What Is Preimplantation Genetic Diagnosis (PGD)?

Genetic Testing with IVF Has Benefits and Controversies

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Preimplantation genetic diagnosis (PGD) is a procedure used with in-vitro fertilization (IVF) to screen for a specific genetic abnormality before transferring the fertilized eggs into the mother.

PGD is a type of preimplantation genetic testing. The other type of preimplantation genetic testing is called preimplantation genetic screening, sometimes referred to as PGS, or PGD for aneuploidy screening.

What Is Preimplantation Genetic Testing?

PGD is a genetic test performed on embryos before they are implanted in the mother during a cycle of IVF. During this procedure, the technician removes one or two cells from each embryo about three days after fertilization. These cells undergo genetic testing to look for genetic defects.

As its name suggests, preimplantation genetic testing is done before the embryo is implanted in the mother and before she becomes pregnant. It therefore eliminates the difficult decision of continuing or terminating a pregnancy if an abnormality is discovered during pregnancy by the prenatal diagnostic tests amniocentesis or chorionic villus sampling.

Another important goal of preimplantation genetic testing is to improve IVF success by choosing embryos with no genetic abnormalities.

Who Gets the Test?

Preimplantation genetic testing is only used in couples undergoing IVF.

According to the Society for Assisted Reproduction Technology, 5-percent of IVF cycles in 2012 used preimplantation genetic testing. The two types of preimplantation genetic testing are:

  • Preimplantation genetic diagnosis (PGD). In this case, one or more parent has a genetic disease or a mutation that carries a risk of disease, such as cystic fibrosis, Tay-Sachs disease, sickle cell disease, Huntington’s disease, hemophilia or a BRCA gene mutation. Or they have chromosome translocations, which can cause implantation failures, recurrent pregnancy losses or mental or physical problems in the baby. The test diagnoses or rules out the same disease, mutation or chromosome translocation in the embryos.
  • Preimplantation genetic screening (PGS). This test looks for an abnormality called aneuploidy - an extra copy (trisomy) or missing copy (monosomy) of a chromosome - in the embryos. PGS is often used when a genetically normal couple has recurrent unexplained miscarriages or recurrent miscarriages with known aneuploidies.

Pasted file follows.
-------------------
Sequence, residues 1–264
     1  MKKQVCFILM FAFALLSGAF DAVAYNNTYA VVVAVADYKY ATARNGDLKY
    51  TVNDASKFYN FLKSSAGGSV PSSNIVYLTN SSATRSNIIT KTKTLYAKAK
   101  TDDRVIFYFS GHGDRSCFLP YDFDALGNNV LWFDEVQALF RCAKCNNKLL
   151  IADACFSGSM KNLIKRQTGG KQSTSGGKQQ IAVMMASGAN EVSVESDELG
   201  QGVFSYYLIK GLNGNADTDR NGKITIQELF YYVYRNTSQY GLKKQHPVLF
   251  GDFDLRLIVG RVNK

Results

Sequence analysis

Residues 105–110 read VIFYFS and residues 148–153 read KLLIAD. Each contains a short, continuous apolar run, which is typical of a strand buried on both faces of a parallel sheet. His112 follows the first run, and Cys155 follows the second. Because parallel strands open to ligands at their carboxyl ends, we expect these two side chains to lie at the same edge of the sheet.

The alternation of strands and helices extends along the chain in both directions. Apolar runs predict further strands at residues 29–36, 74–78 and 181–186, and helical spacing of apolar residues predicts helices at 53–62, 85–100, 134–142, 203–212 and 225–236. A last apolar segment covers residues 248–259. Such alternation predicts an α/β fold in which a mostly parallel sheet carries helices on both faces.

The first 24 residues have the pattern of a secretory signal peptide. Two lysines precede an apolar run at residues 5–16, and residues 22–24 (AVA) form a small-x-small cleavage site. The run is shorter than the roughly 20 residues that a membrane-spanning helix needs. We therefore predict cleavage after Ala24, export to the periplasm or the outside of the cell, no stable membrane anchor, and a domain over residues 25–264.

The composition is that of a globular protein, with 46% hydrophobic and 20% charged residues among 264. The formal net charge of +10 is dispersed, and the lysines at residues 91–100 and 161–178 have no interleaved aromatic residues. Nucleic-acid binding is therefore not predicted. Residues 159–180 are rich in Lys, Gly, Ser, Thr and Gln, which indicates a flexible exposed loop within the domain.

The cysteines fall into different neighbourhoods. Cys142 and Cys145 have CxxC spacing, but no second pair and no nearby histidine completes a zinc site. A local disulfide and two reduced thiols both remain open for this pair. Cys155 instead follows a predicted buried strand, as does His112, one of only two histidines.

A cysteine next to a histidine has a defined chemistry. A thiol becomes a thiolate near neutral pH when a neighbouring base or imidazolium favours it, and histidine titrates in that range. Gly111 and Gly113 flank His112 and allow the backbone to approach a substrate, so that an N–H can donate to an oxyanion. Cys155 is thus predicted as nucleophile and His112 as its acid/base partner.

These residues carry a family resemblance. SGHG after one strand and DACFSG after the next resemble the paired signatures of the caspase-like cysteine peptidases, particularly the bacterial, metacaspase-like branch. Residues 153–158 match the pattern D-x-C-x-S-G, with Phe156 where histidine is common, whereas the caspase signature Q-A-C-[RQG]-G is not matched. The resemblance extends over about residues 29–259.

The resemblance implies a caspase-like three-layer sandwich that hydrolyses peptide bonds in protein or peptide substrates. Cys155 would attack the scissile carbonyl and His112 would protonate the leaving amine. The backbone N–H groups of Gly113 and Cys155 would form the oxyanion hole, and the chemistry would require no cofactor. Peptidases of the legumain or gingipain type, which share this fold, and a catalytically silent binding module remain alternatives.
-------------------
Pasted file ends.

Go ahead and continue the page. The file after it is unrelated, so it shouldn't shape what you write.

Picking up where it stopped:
Why Preimplantation Genetic Testing Is Controversial

Some uses of preimplantation genetic testing are controversial. While experts generally agree that it's appropriate to use PGD to diagnose genetic defects when the parents are carriers, the use of PGS to look for aneuploidies in genetically normal parents has been criticized.

Aneuploidy is the leading cause of early pregnancy loss. Some practitioners recommend the technique for genetically normal couples experiencing recurrent miscarriages with the idea that pre-screening might reduce the incidence of miscarriages due to aneuploidies.

Some clinics also offer PGS in cases of:

However, the evidence is not yet conclusive on whether or not preimplantation genetic screening is helpful for increasing successful pregnancy rates. In fact, the Society for Assisted Reproductive Technology (SART) and American Society for Reproductive Medicine (ASRM) say that the evidence that's currently available does not support the use of PGS to improve the improve the rate of live births in women with advanced maternal age, recurrent pregnancy losses or implantation failures.

Other possible uses of preimplantation genetic testing are also controversial, such as:

  • universal screening for a neuploidies
  • "family balancing" (choosing the sex of your child)
  • conceiving a child who will be a matching tissue donor for an ill sibling
  • choosing physical characteristics of a child, such as hair color

Deciding to Get PGD or PGS

If you are undergoing IVF, you will probably be offered preimplantation genetic testing. It's up to you and your partner to decide if preimplantation genetic diagnosis and/or preimplantation genetic screening are tests you want to undertake. Before you agree to them, meet with a genetic counselor so you fully understand the possible outcomes of the results.

Sources

Preimplantation Genetic Diagnosis. Medscape News and Perspective. December 30, 2015.

Brezina, P.R., Kutteh, W.H. (2015). Clinical applications of preimplantation genetic testing. BMJ.

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